**d**–

**f**) shows $\mathrm{\Omega}$ for the same simulations.

**Figure 6.**Analysis of periodic signals contaminated with white noise using the temporal correlation ${\alpha}_{\mathrm{e}}$ (

**a**) and the quantifier $\mathrm{\Omega}$ (

**b**). The results show that, when the noise strength, $\eta $, increases, the deterministic nature of the periodic signal gradually vanishes and, for large enough $\eta $, only stochastic dynamics is identified. However, the frequency $\omega =2\pi /\tau $ of the signal is important, because low frequency signals are identified as stochastic at lower noise levels. Moreover, even when the signal is characterized as stochastic, a nonzero temporal correlation can be estimated.

**Figure 7.**The effects of noise on a periodic signal do not depend on the noise’s specific realization. The error bars indicate the dispersion over 1000 analyses with different realization of the added noise. Here, the upper row represents three examples of ${\alpha}_{\mathrm{e}}$ (

**a**) and $\mathrm{\Omega}$ (

**b**) as a function of $\eta $ for a fixed value of $\omega $. The lower row (

**c**,

**d**) shows three examples as a function of $\omega $ for fixed values of $\eta $ following the same representation. The dispersion in all cases is sufficiently low that the trends discussed in Figure 6 remain.

**Figure 8.**Analysis of FN time series contaminated with uniform noise. (

**a**) The addition of uniform noise decreases the ${\alpha}_{\mathrm{e}}$ predicted by the ML algorithm, leading from the value $\alpha $ of the FN time series to value to ${\alpha}_{\mathrm{e}}=0$ for uniform noise. $\eta $ also decreases the value of $\mathrm{\Omega}$ (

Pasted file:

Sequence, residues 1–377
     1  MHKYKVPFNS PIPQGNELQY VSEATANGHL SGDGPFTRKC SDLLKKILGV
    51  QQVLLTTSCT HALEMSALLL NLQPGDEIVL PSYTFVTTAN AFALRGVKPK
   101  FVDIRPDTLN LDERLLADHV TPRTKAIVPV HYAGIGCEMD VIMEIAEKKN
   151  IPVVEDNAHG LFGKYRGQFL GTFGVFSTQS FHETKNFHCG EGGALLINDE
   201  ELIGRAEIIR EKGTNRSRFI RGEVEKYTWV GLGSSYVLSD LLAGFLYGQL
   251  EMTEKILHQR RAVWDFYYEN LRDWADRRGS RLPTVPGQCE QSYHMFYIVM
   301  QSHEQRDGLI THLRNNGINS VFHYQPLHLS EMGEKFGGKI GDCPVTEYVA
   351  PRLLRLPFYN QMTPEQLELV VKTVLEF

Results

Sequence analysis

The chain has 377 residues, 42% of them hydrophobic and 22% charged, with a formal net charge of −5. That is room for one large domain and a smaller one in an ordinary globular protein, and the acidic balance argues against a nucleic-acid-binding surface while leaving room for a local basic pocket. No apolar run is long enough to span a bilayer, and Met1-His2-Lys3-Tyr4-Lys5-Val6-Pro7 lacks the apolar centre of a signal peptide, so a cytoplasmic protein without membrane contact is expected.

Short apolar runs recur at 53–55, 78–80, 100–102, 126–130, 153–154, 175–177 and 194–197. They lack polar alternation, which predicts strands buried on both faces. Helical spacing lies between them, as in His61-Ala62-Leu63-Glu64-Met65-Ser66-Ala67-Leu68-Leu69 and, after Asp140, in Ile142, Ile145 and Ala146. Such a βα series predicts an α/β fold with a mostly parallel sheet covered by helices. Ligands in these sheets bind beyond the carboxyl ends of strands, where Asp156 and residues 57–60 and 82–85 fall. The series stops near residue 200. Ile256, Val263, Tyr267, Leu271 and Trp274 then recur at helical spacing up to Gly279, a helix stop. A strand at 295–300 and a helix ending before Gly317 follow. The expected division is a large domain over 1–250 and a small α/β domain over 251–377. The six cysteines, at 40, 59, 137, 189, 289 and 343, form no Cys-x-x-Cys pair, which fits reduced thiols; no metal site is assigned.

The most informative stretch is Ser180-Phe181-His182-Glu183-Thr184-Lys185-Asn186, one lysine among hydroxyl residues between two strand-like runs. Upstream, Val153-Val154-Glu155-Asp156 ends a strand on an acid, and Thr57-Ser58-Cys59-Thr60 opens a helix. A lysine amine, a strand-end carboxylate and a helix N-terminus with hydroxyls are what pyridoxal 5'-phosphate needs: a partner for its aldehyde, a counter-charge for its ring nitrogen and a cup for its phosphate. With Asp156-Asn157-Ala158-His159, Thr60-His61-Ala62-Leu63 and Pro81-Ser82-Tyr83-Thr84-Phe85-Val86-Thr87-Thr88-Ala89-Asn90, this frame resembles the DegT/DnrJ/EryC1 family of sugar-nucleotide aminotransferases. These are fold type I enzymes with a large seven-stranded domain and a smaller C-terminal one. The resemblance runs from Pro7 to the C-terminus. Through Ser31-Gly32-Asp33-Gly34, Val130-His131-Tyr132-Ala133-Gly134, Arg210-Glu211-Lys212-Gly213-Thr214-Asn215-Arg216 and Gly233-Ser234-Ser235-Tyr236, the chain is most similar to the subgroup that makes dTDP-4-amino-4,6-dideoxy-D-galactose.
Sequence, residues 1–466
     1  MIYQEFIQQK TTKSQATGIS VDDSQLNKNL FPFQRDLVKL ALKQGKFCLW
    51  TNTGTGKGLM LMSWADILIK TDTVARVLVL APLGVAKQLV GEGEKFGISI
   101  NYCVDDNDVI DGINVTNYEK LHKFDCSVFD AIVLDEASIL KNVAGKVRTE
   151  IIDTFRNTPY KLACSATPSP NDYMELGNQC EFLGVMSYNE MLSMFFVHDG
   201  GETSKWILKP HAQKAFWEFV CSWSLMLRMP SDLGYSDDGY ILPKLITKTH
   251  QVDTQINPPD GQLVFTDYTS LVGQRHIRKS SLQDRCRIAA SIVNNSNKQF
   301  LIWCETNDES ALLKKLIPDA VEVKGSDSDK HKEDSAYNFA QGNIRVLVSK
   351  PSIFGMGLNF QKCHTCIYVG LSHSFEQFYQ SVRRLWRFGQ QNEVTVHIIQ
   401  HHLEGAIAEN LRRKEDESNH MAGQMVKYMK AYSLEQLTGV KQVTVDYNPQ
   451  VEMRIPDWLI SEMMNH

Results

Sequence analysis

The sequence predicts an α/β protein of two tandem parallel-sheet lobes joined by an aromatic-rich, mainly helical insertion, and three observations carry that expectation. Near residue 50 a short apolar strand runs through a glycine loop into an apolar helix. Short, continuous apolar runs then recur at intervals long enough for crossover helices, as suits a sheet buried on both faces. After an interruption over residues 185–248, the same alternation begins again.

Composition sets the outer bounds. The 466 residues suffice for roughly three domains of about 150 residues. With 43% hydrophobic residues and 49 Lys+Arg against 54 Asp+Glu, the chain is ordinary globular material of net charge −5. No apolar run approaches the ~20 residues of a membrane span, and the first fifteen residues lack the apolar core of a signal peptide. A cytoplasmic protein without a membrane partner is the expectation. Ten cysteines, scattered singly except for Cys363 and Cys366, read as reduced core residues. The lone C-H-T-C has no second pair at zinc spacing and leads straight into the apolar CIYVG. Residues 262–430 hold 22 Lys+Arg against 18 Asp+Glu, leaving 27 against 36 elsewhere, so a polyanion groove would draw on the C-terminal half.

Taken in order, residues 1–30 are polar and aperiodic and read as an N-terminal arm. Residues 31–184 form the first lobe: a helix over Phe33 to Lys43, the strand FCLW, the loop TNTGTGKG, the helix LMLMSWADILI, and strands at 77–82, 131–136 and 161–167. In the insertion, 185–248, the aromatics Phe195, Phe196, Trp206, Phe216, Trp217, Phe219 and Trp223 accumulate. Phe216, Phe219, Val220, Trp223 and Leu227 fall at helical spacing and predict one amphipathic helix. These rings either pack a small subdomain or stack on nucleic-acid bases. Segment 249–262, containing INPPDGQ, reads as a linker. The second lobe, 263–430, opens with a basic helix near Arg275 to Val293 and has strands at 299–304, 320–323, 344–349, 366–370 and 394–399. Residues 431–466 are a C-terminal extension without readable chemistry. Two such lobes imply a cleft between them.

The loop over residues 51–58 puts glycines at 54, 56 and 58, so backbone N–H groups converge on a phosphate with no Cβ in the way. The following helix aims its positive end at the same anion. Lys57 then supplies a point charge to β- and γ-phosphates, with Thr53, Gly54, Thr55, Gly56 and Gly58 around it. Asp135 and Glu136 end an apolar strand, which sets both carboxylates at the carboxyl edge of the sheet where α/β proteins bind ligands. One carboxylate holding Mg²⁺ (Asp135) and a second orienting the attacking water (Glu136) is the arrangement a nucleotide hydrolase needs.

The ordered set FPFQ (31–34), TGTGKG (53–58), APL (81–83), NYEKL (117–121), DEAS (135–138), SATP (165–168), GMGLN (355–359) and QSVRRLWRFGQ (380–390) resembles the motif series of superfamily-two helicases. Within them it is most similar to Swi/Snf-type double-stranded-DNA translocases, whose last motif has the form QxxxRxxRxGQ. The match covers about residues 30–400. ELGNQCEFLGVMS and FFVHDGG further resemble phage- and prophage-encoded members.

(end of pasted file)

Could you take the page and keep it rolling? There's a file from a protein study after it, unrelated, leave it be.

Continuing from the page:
**b**), revealing the increase in the degree of stochasticity of the time series. The addition of uniform noise is, thus, similar in FN and in deterministic time series.

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## Share and Cite

**MDPI and ACS Style**

Boaretto, B.R.R.; Budzinski, R.C.; Rossi, K.L.; Prado, T.L.; Lopes, S.R.; Masoller, C.
Evaluating Temporal Correlations in Time Series Using Permutation Entropy, Ordinal Probabilities and Machine Learning. *Entropy* **2021**, *23*, 1025.
https://doi.org/10.3390/e23081025

**AMA Style**

Boaretto BRR, Budzinski RC, Rossi KL, Prado TL, Lopes SR, Masoller C.
Evaluating Temporal Correlations in Time Series Using Permutation Entropy, Ordinal Probabilities and Machine Learning. *Entropy*. 2021; 23(8):1025.
https://doi.org/10.3390/e23081025

**Chicago/Turabian Style**

Boaretto, Bruno R. R., Roberto C. Budzinski, Kalel L. Rossi, Thiago L. Prado, Sergio R. Lopes, and Cristina Masoller.
2021. "Evaluating Temporal Correlations in Time Series Using Permutation Entropy, Ordinal Probabilities and Machine Learning" *Entropy* 23, no. 8: 1025.
https://doi.org/10.3390/e23081025